For Immediate Release                                           
The Arts Council
Contact:  Kevin Ledgewood
205-758-5195, x6


TUSCALOOSA, Ala. (October 2012) Frank “Doc” Adams, a legendary elder-statesman of American jazz and a Birmingham native, will perform a public concert with the Birmingham Heritage Band at the Bama Theatre in Tuscaloosa on Thursday, October 25, 2012 at 7:00 p.m. The concert is free and open to the public.

The concert is the culmination of a three-day “Living Legends” program in which The University of Alabama honors an Alabama native who has made a profound and lasting contribution to both the state and national cultural heritage.

The concert coincides with the publication of Doc: The Story of a Birmingham Jazz Man, just published by The University of Alabama Press. Doc chronicles his experiences performing alongside “Fess” Whatley, Sun Ra, Duke Ellington, Erskine Hawkins and others, as well as exploring his remarkable career as an educator and bandleader in his own right.

Doc Adams was raised in Birmingham and learned his art along with many other jazz practitioners through an unparalleled system of jazz apprenticeship rooted in Birmingham’s historically segregated high schools.  Birmingham produced two legendary bandleaders— Erskine Hawkins and Sun Ra—and the city’s influence on national jazz culture has been tremendous, largely the work of Birmingham-born sidemen, composers, arrangers and teachers, who brought their unique training to bands across the country. Throughout the 1940s and ’50s, all of the country’s major jazz bands—the orchestras of Duke Ellington, Benny Goodman, Louis Armstrong, Count Basie, Artie Shaw, and others—included Birmingham musicians, often in central roles. Most of these players were trained by a single local instructor: Industrial High School’s “maker of musicians,” John T. “Fess” Whatley, one of the true unsung heroes of American jazz. His fierce discipline and insistence on formal training and professionalism shaped generations of jazz musicians who in turn went on to shape America’s musical heritage.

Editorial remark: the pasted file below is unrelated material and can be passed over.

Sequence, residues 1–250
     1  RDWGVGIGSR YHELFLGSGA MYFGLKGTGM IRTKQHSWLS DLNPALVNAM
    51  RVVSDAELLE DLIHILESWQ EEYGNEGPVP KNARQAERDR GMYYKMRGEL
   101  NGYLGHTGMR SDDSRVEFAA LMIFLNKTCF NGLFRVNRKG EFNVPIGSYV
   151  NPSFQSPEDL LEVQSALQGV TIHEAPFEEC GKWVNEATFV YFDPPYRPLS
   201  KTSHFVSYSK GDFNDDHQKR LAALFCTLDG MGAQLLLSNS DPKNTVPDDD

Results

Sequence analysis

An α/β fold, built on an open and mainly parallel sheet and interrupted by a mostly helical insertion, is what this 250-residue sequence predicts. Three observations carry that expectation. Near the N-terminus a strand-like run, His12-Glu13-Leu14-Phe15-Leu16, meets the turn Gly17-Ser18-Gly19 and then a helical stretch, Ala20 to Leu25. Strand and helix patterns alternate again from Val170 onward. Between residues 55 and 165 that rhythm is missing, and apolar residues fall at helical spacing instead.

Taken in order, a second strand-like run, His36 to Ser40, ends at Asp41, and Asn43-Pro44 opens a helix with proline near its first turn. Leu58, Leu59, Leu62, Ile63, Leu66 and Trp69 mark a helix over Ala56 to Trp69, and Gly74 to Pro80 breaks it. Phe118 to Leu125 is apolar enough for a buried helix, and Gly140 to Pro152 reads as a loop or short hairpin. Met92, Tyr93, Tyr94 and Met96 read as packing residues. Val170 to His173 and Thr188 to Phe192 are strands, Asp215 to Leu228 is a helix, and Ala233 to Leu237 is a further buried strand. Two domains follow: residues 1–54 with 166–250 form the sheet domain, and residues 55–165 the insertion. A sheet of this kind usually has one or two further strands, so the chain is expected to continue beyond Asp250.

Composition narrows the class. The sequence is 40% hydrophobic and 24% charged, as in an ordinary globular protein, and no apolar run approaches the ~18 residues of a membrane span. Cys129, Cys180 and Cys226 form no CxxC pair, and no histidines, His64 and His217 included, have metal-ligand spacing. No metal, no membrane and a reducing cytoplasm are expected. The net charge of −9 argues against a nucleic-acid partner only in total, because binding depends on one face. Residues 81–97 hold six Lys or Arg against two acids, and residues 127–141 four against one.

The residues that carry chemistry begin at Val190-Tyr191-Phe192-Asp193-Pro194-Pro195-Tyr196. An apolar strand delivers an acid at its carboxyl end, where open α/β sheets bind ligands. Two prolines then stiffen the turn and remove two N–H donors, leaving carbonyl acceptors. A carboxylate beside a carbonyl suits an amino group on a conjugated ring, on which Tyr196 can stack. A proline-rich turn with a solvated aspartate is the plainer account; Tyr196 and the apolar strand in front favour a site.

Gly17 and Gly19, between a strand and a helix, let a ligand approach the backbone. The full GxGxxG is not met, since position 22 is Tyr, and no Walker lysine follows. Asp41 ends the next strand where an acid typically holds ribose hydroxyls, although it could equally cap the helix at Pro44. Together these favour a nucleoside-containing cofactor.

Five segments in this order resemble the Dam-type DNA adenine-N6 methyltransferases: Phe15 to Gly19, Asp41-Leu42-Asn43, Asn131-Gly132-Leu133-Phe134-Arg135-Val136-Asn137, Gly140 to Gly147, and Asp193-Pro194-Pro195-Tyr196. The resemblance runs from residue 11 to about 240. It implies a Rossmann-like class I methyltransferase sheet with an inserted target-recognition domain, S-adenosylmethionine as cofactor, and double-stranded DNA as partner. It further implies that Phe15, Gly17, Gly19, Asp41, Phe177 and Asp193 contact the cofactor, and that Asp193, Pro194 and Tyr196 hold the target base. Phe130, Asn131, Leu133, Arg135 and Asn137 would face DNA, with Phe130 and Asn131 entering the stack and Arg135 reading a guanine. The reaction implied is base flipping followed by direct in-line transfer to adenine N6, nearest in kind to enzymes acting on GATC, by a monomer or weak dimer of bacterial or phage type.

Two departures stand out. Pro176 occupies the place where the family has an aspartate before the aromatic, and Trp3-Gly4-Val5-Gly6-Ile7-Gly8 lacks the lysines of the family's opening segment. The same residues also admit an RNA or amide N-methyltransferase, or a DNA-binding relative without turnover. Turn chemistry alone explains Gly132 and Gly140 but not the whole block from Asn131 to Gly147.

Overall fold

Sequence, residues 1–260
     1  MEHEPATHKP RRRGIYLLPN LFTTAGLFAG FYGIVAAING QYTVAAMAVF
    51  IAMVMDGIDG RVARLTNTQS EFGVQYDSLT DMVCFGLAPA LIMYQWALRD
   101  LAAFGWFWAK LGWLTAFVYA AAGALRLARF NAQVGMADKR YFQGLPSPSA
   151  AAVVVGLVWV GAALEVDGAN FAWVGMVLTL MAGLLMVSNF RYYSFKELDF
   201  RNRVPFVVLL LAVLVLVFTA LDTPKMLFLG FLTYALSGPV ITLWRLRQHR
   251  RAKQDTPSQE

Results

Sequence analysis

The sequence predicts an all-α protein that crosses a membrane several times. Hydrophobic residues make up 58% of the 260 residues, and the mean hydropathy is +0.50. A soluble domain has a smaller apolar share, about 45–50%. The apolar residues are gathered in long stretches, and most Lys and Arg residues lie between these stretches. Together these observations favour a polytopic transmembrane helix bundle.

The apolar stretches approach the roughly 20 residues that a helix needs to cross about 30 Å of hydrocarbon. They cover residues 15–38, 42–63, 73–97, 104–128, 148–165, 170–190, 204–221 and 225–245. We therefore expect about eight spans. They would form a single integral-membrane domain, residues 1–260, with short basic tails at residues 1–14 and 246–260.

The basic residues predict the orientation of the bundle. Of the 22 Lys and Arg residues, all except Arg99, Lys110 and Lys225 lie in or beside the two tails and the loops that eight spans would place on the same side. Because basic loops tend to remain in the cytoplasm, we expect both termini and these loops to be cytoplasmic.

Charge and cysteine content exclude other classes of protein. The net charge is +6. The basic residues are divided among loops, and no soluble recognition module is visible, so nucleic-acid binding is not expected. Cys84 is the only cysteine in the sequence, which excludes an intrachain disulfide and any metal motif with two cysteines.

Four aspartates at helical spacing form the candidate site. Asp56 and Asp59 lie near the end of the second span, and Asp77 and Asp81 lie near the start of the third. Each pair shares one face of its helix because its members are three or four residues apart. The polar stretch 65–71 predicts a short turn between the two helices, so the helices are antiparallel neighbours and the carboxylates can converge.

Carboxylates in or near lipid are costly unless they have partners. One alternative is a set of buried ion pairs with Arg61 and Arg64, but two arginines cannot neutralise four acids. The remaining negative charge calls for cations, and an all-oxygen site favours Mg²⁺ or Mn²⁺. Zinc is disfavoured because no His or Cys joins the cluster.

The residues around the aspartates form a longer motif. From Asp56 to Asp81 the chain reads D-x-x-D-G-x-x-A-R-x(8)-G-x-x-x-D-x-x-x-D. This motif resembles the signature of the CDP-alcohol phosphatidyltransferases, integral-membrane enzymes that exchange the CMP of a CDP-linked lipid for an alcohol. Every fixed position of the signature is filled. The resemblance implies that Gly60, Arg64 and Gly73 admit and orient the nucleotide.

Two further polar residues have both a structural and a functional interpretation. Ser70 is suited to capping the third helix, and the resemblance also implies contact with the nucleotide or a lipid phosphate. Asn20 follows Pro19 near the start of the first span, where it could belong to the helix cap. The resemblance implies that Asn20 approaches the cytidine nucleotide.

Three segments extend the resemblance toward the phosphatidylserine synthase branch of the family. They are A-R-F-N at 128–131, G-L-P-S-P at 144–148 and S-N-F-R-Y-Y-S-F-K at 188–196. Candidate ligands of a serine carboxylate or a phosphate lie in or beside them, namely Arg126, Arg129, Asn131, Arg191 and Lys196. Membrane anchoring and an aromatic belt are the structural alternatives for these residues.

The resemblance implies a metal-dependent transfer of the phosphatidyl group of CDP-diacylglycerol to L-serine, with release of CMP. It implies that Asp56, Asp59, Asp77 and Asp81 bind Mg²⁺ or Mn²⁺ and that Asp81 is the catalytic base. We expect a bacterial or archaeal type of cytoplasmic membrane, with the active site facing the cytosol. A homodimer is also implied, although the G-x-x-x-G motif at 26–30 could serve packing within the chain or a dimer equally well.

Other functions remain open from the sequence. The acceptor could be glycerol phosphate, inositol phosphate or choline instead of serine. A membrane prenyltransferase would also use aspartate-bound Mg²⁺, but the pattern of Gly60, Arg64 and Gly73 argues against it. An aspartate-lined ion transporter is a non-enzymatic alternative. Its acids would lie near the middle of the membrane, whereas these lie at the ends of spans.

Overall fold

Doc’s story also offers a valuable window into the world of Birmingham’s African American middle class in the days before integration.  Throughout, Adams demonstrates the ways in which jazz professionalism became a source of pride within this community, also offering thoughts on the continued relevance of the music in twenty-first century Birmingham. 

The substantial jazz culture and contributions of Birmingham have been long overlooked in the historiography of this most popular of American music. “Doc” corrects that oversight, presenting the city’s jazz heritage through the experiences and voice of a master musician and storyteller. Deeply personal and universally resonant, Adams’ story—and, with it, the story of a vibrant musical community—richly deserves to be heard. 

Dr. Frank Adams first studied music in Birmingham, Alabama under Lincoln Elementary School’s William Wise Handy and Industrial High School’s John T. “Fess” Whatley. He has performed with Herman “Sonny” Blount (Sun Ra), the Duke Ellington Orchestra, Mantan Moreland’s Hollywood Revue Orchestra, the Howard University Swingmasters, Tiny Bradshaw, Lucky Millinder, Erskine Hawkins, and the Cleve Eaton Orchestra, among others, serving himself for fourteen years as bandleader of the Woodland Club Orchestra. Adams has been a tireless music educator in the Birmingham city school system. He founded the Birmingham City Schools’ All City Marching Band Festival and the Alabama Jazz Hall of Fame’s Student Jazz Band Festival, as well as a successful system-wide strings program in the Birmingham City Schools.  He was one of the first inductees to the Alabama Jazz Hall of Fame, for which he served as Executive Director and Director of Education, Emeritus. 

This event is hosted by The University of Alabama Office of Economic Development, The Arts Council of Tuscaloosa, The University of Alabama School of Music, The University of Alabama Press and the College of Arts and Sciences at The University of Alabama.